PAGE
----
“That’s the ultimate reason behind carrying, that it’s your life over someone else’s—the decision that you’re defending yourself. My main thought was being sad that I might have to make this decision.”

Cornelsen said that some people believe she is wrong for keeping her gun readily at hand. Some even believe she is crazy to do so. She has a good answer for those people.

“I always kept it quiet [that I had a gun]. The element of surprise is your best friend,” she said. “But since then, I’ve had people say, ‘You’re crazy.’ And I say, ‘No, I’m not crazy; I’m alive.’”

Cornelsen has gained some amount of notoriety since facing down an armed robber without ever firing a shot. Since the story went national—even worldwide on the Internet—visitors to Coeur D’Alene sometimes come to her shop and comment on the episode.

“Two months ago I had a couple come in from New York,” she said. “They are moving to Coeur d’Alene, and they said it was because they heard about my news story and started doing research on Coeur d’Alene and decided they wanted to live there.

“I had a friend who read it in Malaysia. It’s kind of funny how far it actually went. I still do have people that come in for the first time from out of state to say, ‘Good for you.’”

Of course, there are people who still argue that owning a gun makes a person less safe, rather than safer. Cornelsen knows just how to address such an argument.

“I ask them what the laws are in the state they refer to, because the states with the highest amounts of gun crimes are most likely the states with the most restrictions,” she said.

“The old saying, ‘When the guns are outlawed, only outlaws will have guns’ is more than true.

“Guns are dangerous? No, they’re not. They don’t shoot themselves; they don’t walk around the street creating problems or committing crimes on their own. In the wrong hands, they are [dangerous].”

Cornelsen has even confronted those who believe that America needs to just get rid of all guns. Wouldn’t that make things safer?

“I have a two-by-four in my garage; don’t you think I could do a lot of damage with that?” she said. “How about a baseball bat? How about a golf club? A hand is a very harsh weapon if you decide to punch somebody. Anything can be a weapon. Just because it shoots a projectile doesn’t make it a weapon.”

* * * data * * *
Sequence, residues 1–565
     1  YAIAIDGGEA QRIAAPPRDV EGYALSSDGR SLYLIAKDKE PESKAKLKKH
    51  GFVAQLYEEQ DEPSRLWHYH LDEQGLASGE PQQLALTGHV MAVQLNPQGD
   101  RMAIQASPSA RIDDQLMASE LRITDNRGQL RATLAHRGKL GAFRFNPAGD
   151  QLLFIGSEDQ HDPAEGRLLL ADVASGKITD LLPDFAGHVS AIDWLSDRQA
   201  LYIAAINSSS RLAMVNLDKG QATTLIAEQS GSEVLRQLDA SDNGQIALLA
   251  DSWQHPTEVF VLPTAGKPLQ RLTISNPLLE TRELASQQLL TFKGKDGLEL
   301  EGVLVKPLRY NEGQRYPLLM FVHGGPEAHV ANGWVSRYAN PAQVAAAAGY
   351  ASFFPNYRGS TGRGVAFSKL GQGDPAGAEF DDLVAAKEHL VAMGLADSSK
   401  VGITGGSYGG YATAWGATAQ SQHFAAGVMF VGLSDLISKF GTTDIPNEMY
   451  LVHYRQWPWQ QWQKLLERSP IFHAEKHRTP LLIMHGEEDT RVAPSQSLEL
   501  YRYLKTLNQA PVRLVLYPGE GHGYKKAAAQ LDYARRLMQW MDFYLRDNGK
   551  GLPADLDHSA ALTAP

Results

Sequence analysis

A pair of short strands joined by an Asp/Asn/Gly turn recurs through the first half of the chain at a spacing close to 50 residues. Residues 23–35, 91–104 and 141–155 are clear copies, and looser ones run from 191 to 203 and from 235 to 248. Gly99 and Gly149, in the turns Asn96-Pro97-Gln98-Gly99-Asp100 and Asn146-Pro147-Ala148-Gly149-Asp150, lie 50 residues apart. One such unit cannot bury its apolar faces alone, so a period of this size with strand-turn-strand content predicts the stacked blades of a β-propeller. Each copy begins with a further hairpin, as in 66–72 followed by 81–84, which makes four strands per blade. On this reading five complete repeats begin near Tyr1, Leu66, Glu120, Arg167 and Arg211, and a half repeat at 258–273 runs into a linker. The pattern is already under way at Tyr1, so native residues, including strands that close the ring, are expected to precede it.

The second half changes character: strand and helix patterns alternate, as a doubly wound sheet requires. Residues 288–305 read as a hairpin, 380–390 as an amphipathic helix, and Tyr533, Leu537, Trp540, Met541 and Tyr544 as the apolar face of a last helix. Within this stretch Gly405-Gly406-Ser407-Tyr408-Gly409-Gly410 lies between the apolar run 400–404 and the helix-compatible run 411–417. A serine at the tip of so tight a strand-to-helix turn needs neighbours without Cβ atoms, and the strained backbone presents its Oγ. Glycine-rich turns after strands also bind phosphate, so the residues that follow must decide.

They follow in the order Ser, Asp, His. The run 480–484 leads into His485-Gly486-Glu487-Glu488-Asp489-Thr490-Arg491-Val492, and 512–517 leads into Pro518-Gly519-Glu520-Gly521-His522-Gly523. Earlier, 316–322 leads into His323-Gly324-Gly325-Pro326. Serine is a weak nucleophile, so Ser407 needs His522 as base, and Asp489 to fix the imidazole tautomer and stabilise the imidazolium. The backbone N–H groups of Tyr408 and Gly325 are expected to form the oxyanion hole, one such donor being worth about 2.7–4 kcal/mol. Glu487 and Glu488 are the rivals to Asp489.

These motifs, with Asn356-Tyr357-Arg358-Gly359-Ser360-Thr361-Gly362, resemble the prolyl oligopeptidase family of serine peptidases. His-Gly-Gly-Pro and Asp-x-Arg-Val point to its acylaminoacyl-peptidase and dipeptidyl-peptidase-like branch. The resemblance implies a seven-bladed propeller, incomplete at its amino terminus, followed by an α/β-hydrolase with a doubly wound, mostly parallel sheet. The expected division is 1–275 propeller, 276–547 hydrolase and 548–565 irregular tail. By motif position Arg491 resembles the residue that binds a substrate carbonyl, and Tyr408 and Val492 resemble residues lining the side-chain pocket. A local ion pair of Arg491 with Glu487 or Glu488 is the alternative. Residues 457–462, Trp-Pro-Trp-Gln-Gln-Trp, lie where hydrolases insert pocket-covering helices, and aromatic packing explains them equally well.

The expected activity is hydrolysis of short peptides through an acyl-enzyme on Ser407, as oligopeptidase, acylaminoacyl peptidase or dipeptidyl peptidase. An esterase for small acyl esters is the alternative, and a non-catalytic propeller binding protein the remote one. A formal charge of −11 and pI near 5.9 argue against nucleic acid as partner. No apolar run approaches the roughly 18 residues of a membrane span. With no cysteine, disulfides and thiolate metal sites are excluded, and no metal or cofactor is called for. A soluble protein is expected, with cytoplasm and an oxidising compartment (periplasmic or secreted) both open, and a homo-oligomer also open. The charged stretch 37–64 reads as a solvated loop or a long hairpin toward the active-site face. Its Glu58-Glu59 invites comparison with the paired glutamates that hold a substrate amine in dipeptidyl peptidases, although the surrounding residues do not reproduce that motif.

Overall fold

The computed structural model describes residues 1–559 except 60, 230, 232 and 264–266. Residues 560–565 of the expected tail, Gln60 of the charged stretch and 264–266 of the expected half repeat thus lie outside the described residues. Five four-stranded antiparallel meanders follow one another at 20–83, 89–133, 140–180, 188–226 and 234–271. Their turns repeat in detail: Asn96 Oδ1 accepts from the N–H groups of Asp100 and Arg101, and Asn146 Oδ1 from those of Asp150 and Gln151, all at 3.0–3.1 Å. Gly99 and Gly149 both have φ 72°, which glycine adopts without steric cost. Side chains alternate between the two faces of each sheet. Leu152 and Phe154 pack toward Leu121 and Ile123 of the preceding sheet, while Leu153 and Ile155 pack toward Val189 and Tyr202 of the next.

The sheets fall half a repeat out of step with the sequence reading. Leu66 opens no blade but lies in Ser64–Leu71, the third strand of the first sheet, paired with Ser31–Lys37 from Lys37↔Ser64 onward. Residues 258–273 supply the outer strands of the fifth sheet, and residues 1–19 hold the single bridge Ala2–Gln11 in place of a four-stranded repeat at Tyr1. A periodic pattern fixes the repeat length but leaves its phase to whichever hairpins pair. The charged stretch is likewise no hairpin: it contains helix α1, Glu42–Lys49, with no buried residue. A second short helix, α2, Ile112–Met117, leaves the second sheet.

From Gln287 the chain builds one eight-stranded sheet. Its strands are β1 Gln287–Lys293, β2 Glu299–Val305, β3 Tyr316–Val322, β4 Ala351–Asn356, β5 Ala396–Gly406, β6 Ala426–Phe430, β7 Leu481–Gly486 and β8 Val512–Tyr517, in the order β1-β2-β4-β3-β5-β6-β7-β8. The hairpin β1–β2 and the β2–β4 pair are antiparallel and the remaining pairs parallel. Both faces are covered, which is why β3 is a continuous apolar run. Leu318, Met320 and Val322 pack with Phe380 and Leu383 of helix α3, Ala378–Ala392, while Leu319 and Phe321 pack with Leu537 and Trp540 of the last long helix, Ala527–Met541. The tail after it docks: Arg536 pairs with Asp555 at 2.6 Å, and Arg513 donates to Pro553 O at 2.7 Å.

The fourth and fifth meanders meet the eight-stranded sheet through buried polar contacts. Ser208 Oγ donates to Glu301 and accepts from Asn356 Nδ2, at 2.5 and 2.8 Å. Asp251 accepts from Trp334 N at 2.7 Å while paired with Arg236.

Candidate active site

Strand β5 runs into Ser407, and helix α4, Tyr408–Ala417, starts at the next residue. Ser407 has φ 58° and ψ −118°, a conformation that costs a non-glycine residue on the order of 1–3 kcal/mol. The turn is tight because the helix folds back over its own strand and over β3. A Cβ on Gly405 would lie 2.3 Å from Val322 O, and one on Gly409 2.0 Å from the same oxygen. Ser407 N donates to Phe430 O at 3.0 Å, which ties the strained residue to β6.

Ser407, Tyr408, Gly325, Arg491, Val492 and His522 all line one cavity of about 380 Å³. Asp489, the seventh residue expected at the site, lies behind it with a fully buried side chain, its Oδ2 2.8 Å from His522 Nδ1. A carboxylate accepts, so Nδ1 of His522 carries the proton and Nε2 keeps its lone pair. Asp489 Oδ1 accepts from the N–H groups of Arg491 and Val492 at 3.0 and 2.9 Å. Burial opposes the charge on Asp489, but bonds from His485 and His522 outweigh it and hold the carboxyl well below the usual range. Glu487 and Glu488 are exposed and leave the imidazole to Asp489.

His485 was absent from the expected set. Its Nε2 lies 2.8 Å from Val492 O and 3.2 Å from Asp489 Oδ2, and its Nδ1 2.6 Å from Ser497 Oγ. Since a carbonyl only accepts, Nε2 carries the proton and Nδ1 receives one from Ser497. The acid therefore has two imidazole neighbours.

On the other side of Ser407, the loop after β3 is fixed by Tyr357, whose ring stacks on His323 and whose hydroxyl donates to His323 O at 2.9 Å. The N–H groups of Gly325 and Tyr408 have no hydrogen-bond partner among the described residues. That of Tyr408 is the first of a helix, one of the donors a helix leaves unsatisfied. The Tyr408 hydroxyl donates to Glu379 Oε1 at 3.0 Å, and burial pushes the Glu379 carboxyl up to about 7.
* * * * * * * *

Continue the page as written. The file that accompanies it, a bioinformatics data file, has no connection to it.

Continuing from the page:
Despite her heroic effort during the armed robbery attempt, Cornelsen, like Lee following his shootout, doesn’t believe she should be referred to as a hero.

“I just tell them that they need to reserve that for people who actually are heroes—the military defending our freedom overseas,” she said. “I only did something I’m lawfully allowed to do, that anybody would do to protect themselves. I’m not a hero. I didn’t save anybody. I prefer ‘hero’ to ‘victim,’ but I’m not a hero.

“People who are heroes are people who have lost their lives defending my freedom. There’s no way to thank them.”

Although Cornelsen is quite humble about the situation many refer to her as a hero. She has some advice for them.

“I thank people and tell them to go get their concealed-carry permit when they say that,” she said.

Cornelsen has replayed the episode hundreds of times in her mind. Looking back, she has no doubt she would have pulled the trigger had her armed assailant not backed away.

“If I had to, I would have,” she said. “And I was close. He had enough sense to back off. He was a nanosecond away from being blown away.

“But he came at me with a firearm. He basically decided that for himself. When you bring a gun against someone to do them harm, you’re taking your own life into your hands.”

The memories of that day are still quite vivid in Cornelsen’s mind. After all, a near gun battle isn’t something you forget about quickly.

“It took two days to come down from the experience,” she said. “People say you can have nightmares after the rush wears off and reality hits you, when you all of a sudden think, ‘Oh my gosh, I almost died,’ or ‘I almost killed that kid.’

“It wasn’t a sadness or paranoia for me—it was anger,” she added. “I’m a Christian—it’s not up to me to decide who lives or dies. That’s God’s job. I don’t have a concealed-carry permit to be a vigilante. But that kid almost made me decide to end his life, and that made me mad! Who the heck are you to force me to have to live with those consequences for the rest of my life?”

Author’s Note: During our interview with Michelle, we were treated to pleasant interjections from Michelle’s 5-month-old baby girl, Dylann. There’s no denying every gun crime and accidental death impacts more than just the life taken. But for both John Lee and Michelle Cornelsen, it’s also clear that an act of self-defense saves more than just one life.